This isn’t to say that “Die Hard” is perfect. As groundbreaking as the film is, it features one of the stupidest side characters in all of action movies. That, of course, would be Dwayne T. Robinson, the LAPD chief played by Paul Gleason who’s almost maniacal in his distrust of McClane. As Roger Ebert said perfectly in his review at the time, “As nearly as I can tell, the deputy chief is in the movie for only one purpose: to be consistently wrong at every step of the way and to provide a phony counterpoint to Willis’ progress. The character is so willfully useless, so dumb … that all by himself he successfully undermines the last half of the movie.” That may be a bit of an exaggeration, but Robinson does deliver the film’s unforgivably dumbest line: After a FBI helicopter is destroyed, killing everyone inside, he matter-of-factly comments, “We’re gonna need some more FBI guys, I guess.” It’s entirely possible Gleason is playing the same numbskull from “The Breakfast Club.”

But when you go back and watch “Die Hard” now, fondness will probably help you forgive those types of problems. Above all, what’s great is that the movie doesn’t realize it’s going to give birth to a genre or a franchise. It’s just this plucky little movie about a dude in an undershirt winning back his wife by saving her and her coworkers. The movie is simply a great idea executed extremely well.

The sequels realized that they never could recapture the once-in-a-lifetime ingenuity of the “Die Hard” plot, so they had to keep expanding the concept and adding new quirks, all the while joking about the fact that, yes, it is completely preposterous that the same shit keeps happening to the same guy over and over. In “A Good Day to Die Hard,” which I haven’t seen yet, he’s fighting alongside his son — a plot point that I’m sure Fox is hoping will extend the brand after Willis really is too old to be doing these movies. But it’s funny how the franchise has come full circle. “Nothing Lasts Forever,” the book that inspired the original movie, was written by Roderick Thorp and was itself a sequel to his book “The Detective,” which became a movie starring Frank Sinatra in 1968. In “Nothing Lasts Forever,” the hero (Joe Leland) is an older guy trying to save his daughter and grandchildren from terrorists. No doubt Fox decided to make McClane younger for “Die Hard” so that it seemed more realistic. Nowadays, McClane’s old enough that such a storyline doesn’t seem nearly so farfetched anymore.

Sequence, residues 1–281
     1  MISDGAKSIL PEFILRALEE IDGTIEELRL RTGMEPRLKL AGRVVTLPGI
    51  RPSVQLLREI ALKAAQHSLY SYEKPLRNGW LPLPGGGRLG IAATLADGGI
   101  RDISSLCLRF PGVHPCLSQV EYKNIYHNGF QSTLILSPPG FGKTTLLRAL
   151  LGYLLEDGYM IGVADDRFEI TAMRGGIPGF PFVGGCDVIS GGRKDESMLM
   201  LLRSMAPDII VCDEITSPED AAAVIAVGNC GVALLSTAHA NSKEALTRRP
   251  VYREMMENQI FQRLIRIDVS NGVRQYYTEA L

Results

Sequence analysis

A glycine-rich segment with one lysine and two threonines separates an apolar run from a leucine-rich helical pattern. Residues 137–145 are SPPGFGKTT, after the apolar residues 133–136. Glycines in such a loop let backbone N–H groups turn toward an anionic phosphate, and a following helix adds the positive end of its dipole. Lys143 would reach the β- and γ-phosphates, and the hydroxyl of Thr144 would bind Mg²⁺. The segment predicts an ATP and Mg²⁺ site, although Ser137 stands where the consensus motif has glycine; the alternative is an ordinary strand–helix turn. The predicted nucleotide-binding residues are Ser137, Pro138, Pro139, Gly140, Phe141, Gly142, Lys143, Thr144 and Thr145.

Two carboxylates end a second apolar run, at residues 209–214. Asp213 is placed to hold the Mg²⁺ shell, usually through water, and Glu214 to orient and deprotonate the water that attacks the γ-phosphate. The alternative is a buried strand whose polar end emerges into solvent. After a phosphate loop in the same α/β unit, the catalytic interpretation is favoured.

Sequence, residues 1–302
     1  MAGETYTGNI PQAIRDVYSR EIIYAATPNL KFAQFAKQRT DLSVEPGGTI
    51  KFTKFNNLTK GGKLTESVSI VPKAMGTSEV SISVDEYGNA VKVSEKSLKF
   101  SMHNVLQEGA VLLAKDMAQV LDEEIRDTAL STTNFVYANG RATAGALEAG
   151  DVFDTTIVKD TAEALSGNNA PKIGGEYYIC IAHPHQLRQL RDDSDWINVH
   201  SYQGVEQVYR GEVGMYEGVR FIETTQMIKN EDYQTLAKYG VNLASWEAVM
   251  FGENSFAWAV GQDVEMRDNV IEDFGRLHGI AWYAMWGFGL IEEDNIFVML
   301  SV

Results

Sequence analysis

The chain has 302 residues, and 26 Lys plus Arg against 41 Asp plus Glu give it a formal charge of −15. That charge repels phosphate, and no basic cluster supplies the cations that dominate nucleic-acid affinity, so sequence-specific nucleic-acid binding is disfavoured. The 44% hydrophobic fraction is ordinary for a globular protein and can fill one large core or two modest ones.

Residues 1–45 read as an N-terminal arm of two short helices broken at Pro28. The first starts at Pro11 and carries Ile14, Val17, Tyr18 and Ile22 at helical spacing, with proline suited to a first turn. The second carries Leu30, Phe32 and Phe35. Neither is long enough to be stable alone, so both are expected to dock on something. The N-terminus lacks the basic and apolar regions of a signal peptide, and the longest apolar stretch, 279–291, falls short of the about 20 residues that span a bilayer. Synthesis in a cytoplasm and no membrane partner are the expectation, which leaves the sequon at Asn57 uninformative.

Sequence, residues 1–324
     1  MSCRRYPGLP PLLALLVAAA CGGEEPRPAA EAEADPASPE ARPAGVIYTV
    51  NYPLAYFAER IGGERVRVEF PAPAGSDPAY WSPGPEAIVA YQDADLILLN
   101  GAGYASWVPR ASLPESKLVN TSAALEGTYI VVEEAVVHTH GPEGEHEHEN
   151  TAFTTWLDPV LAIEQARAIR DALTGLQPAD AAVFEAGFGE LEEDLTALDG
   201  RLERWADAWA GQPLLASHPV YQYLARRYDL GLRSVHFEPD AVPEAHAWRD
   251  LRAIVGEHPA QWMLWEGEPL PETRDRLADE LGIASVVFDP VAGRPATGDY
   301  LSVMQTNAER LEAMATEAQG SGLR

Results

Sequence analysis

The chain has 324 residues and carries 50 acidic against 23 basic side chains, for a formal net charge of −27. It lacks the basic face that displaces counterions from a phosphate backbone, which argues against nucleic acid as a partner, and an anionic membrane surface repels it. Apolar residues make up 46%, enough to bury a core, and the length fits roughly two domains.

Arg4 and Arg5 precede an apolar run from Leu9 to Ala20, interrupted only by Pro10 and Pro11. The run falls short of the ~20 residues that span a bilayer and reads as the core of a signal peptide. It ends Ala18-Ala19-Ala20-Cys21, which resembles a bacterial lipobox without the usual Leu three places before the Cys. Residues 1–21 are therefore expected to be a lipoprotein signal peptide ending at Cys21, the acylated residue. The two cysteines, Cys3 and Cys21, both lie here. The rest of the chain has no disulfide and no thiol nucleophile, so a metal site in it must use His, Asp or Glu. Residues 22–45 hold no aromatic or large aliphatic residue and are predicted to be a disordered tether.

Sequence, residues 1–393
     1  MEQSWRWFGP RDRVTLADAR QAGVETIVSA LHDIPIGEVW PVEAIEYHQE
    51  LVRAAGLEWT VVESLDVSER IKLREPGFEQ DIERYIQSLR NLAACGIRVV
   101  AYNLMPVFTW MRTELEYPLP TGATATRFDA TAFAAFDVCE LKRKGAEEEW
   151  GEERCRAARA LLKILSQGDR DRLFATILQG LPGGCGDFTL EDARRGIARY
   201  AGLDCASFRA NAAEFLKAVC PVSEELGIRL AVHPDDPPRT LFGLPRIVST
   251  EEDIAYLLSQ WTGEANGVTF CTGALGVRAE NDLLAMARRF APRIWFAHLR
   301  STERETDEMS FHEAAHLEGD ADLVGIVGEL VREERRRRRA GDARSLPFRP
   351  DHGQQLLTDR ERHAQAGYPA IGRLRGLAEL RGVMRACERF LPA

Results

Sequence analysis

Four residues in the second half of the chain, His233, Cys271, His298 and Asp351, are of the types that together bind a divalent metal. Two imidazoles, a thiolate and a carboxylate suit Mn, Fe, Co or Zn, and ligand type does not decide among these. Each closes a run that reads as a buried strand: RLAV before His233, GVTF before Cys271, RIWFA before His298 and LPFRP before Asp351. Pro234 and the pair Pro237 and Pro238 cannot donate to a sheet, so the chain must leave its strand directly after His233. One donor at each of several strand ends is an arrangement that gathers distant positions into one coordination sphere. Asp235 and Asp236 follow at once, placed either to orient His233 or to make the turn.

You can follow Tim Grierson on Twitter.

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New Nasty

Whips, Chains and Hand Sanitizer

Turn On The Full Season Of Neurotica At IFC's Comedy Crib

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Jenny Jaffe has a lot going on: She’s writing for Disney’s upcoming Big Hero 6: The Series, developing comedy projects with pals at Devastator Press, and she’s straddling the line between S&M and OCD as the creator and star of the sexyish new series Neurotica, which has just made its debut on IFC’s Comedy Crib. Jenny gave us some extremely intimate insight into what makes Neurotica (safely) sizzle…

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IFC: How would you describe Neurotica to a fancy network executive you met in an elevator?

Jenny: Neurotica is about a plucky Dominatrix with OCD trying to save her small-town dungeon. 

IFC: How would you describe Neurotica to a drunk friend of a friend you met in a bar?

Jenny: Neurotica is about a plucky Dominatrix with OCD trying to save her small-town dungeon. You’re great. We should get coffee sometime. I’m not just saying that. I know other people just say that sometimes but I really feel like we’re going to be friends, you know? Here, what’s your number, I’ll call you so you can have my number! 

IFC: What’s your comedy origin story?

Jenny: Since I was a kid I’ve dealt with severe OCD and anxiety. Comedy has always been one of the ways I’ve dealt with that. I honestly just want to help make people feel happy for a few minutes at a time. 

IFC: What was the genesis of Neurotica?

Jenny: I’m pretty sure it was a title-first situation. I was coming up with ideas to pitch to a production company a million years ago (this isn’t hyperbole; I am VERY old) and just wrote down “Neurotica”; then it just sort of appeared fully formed. “Neurotica? Oh it’s an over-the-top romantic comedy about a Dominatrix with OCD, of course.” And that just happened to hit the buttons of everything I’m fascinated by. 

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IFC: How would you describe Ivy?